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With 'Wadjda,' Haifaa Mansour makes her mark in Saudi cinema

In a country where women can't freely move around, Saudi director Haifaa Mansour covertly films the provocative story of a girl's quest for a bicycle.

September 06, 2013|By Rebecca Keegan
  • Haifaa Monsour is the writer-director of "Wadjda," the first feature film believed to be entirely shot inside Saudi Arabia, a country that bans cinema.
Haifaa Monsour is the writer-director of "Wadjda," the first… (Gina Ferazzi / Los Angeles…)

The production lost two days to sandstorms. The crew faced a last-minute scramble when the nervous owner of a mall changed his mind about allowing filming there. Some days locals chased the cameras away; other days they brought platters of lamb and rice to the set, and asked to be extras.

Meanwhile, the director hid in a van, speaking to her cast via walkie-talkie.

In Saudi Arabia, where driving a car is a subversive act for a woman, a 39-year-old mother of two has done something remarkable: written and directed what her distributor believes is the first feature film shot entirely in the ultraconservative kingdom.

PHOTOS: Scenes from Haifaa Mansour's 'Wadjda'

Haifaa Mansour is the director of "Wadjda," a drama about a plucky 10-year-old girl who enrolls in a Koran recitation competition in order to win money for a bicycle she's forbidden by law to ride.

Like her young protagonist, Mansour's own story is one of feminine moxie.

In a sly protest of the country's ban on women behind the wheel, she drove herself to her wedding in a golf cart. Because women in Saudi Arabia can't mingle publicly with men outside their families, she shot her movie covertly on the streets of the capital, Riyadh. With movie theaters banned, she screened "Wadjda" in two foreign embassies and a cultural center.

Petite, self-assured, wearing white high-tops and blue nail polish, Mansour is modern in both her fashion and bearing. She speaks English quickly and colloquially, dropping frequent "you knows" into conversation. And she isn't afraid to counter misperceptions about her homeland, as when she gently corrected Bill Maher for calling Mecca the Saudi capital during a recent appearance on his HBO show.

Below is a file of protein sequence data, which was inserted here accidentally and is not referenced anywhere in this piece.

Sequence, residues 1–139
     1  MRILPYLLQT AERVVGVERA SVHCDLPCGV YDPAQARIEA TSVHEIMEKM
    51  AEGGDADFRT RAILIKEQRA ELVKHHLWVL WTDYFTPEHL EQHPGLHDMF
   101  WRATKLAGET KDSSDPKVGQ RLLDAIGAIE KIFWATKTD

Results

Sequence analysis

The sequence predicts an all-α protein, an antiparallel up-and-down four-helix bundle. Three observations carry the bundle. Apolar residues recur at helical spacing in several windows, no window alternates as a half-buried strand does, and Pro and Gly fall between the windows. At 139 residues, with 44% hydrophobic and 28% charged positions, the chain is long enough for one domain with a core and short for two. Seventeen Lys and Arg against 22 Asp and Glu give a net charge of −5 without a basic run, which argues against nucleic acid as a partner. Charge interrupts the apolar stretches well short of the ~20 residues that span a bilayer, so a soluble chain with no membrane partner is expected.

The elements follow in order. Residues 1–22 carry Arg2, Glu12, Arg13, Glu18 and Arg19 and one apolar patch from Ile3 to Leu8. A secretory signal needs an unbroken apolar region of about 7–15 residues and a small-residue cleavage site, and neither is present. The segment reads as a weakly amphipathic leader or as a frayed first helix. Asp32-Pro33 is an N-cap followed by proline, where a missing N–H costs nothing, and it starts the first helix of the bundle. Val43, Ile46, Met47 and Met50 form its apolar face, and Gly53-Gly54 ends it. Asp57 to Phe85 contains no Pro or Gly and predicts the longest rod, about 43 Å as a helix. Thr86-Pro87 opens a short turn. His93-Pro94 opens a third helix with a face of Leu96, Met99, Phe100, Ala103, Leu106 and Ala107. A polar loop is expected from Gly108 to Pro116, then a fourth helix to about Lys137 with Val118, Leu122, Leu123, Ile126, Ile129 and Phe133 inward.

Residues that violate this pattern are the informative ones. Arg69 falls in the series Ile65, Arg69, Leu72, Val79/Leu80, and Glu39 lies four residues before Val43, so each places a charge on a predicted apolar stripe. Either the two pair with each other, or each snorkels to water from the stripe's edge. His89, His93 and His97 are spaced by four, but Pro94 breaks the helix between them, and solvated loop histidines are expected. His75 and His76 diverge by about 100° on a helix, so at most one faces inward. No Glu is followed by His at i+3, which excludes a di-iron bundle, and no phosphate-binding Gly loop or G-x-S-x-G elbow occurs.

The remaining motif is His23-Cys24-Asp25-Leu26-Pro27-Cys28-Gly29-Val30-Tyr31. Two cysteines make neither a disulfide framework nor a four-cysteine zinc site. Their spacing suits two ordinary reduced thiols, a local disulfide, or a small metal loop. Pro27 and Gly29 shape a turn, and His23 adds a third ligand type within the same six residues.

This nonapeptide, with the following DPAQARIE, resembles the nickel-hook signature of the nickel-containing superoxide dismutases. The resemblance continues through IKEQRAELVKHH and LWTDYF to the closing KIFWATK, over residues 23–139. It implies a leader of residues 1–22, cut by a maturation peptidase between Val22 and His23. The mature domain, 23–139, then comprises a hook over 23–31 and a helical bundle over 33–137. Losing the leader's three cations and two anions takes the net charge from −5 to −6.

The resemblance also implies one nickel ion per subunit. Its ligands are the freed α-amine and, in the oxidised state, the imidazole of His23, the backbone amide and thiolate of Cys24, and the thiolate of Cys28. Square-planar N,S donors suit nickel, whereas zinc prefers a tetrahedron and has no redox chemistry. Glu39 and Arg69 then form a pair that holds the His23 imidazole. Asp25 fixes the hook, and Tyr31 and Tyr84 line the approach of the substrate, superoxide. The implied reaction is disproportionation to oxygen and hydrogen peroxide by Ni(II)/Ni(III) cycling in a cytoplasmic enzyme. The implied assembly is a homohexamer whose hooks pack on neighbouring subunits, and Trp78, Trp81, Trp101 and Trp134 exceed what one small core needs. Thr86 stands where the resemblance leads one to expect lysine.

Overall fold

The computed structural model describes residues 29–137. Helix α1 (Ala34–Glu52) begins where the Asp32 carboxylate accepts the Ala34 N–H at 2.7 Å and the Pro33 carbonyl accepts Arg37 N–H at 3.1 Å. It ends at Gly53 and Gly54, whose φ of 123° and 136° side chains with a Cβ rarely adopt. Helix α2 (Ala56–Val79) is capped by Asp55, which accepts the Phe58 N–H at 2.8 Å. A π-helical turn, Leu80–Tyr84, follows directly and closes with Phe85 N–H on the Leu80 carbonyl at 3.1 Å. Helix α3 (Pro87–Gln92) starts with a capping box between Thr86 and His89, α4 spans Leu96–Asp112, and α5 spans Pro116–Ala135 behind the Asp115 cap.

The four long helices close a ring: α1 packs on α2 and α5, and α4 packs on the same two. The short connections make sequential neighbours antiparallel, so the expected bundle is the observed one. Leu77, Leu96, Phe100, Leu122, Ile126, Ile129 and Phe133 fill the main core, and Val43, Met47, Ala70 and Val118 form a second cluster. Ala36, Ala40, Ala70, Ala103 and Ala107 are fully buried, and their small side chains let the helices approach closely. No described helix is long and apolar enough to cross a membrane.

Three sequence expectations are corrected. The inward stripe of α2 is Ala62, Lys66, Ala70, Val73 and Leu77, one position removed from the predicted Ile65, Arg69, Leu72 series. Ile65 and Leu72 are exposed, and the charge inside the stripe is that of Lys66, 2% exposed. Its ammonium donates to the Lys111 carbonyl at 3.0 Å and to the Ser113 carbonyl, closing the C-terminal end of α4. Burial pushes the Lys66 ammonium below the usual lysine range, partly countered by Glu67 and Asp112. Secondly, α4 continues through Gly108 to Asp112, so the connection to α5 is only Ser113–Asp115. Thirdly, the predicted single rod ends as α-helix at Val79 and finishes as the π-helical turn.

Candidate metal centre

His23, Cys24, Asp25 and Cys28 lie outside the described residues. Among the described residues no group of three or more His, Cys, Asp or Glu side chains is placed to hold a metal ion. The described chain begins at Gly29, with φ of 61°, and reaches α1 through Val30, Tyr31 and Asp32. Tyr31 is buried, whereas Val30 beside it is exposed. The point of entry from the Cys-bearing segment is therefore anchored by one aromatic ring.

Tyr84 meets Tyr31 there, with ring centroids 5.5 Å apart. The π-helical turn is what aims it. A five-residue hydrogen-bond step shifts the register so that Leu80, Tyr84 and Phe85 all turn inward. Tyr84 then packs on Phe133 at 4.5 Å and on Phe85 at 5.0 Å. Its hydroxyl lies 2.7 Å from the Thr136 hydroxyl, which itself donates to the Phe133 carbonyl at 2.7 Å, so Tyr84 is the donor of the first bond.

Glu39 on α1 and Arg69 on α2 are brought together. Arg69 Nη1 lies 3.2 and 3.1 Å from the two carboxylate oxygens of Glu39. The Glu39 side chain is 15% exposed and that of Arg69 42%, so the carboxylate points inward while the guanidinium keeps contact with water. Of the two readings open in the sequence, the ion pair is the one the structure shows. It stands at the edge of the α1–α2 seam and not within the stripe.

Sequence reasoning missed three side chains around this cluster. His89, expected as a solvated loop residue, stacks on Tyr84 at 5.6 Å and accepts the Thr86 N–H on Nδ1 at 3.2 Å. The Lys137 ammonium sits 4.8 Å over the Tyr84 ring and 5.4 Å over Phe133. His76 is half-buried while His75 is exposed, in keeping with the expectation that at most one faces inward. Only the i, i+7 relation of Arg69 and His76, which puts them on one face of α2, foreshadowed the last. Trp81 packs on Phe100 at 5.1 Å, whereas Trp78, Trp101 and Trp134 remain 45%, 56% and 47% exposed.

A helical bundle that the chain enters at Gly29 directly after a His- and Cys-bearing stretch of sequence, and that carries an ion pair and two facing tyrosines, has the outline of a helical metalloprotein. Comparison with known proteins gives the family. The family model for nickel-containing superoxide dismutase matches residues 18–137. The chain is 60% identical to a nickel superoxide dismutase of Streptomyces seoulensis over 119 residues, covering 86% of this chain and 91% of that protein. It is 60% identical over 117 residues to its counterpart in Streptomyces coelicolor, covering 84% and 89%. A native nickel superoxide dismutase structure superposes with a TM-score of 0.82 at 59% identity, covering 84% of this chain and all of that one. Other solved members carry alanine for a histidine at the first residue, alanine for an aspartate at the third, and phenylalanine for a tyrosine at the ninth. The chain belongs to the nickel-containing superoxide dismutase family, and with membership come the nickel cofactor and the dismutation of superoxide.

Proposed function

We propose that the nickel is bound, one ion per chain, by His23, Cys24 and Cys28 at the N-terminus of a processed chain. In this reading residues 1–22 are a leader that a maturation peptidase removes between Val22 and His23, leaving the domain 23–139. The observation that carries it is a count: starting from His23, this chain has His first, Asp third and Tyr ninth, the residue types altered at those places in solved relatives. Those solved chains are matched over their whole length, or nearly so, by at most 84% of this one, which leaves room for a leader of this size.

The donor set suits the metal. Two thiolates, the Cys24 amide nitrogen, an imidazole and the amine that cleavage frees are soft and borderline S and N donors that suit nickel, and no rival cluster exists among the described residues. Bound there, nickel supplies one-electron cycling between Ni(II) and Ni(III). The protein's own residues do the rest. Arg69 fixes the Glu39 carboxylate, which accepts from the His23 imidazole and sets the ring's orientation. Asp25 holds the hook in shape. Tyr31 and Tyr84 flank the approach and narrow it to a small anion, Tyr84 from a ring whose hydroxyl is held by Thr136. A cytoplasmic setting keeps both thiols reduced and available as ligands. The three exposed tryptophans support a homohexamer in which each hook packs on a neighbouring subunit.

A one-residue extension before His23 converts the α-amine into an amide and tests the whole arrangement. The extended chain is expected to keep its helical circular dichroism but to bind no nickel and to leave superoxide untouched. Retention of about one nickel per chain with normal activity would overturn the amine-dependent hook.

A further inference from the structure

Laced with empathy and humor, "Wadjda" is a quietly provocative portrait of a culture that straddles the centuries, where men wear the ancient white thobe but carry the latest iPads and women hold important jobs as doctors and news anchors but have yet to vote in an election.

"I didn't want to make a movie about women being raped or stoned," Mansour said in an interview in Beverly Hills in June. "For me it is the everyday life, how it's hard. For me, it was hard sometimes to go to work because I cannot find transportation. Things like that build up and break a woman."

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The eighth of 12 children of a poet, Mansour grew up in a small town in a home that she describes as nurturing for a little girl.

"My family is very traditional, but my parents are very supportive, very kind," she said. "I never felt I can't do things because I'm a woman."

When Mansour was a teen, her mother removed the light veil she wore while picking her daughter up from school, a gesture that mortified the young woman at the time, but empowers her when she reflects on it now.

Though movie theaters have been shuttered in Saudi Arabia for decades for religious reasons, Mansour said her father, like others, often rented VHS tapes at Blockbuster for the family to watch — she grew up on Jackie Chan movies, Bollywood productions, Egyptian cinema and Disney animated films. "Snow White and the Seven Dwarfs" was a particular favorite.

"In small-town Saudi, there is nothing to do. You don't get to exercise your emotions because nothing much is happening, you know?" she said. "So to see people falling in love and fighting, it's so powerful, you see beyond your small town."

After earning her bachelor's degree in comparative literature at the American University in Cairo, she returned to Saudi Arabia but quickly felt stymied.

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"Going back to Saudi as a young woman, trying to assert yourself in the workplace, you have all those ideas … and all of a sudden you realize because you are a woman you are not heard," she said. "It was such a frustrating moment in my life. It was as if you are screaming in a vacuum."

The idea of women holding jobs still unnerves some Saudi men — writer Abdullah Mohammed Daoud recently encouraged his more than 97,000 Twitter followers to sexually harass female grocery store clerks to intimidate women from working.

Recalling the freedom she found in movies, Mansour decided to make a short film with her siblings serving as cast and crew, a thriller about a male serial killer who hides under the black abaya worn by Muslim women. Her work — two more shorts, a documentary and a stint hosting a talk show for a Lebanese network — focused largely on the untold stories of Saudi women.

In 2005, at a U.S. embassy screening of her documentary, "Women Without Shadows," Mansour met her future husband, American diplomat Bradley Neimann. They now have two children, 2 and 5, and live in Bahrain, where Neimann works for the State Department.

When her husband was posted in Australia, Mansour pursued a master's in film studies at the University of Sydney, and wrote the script that became "Wadjda."

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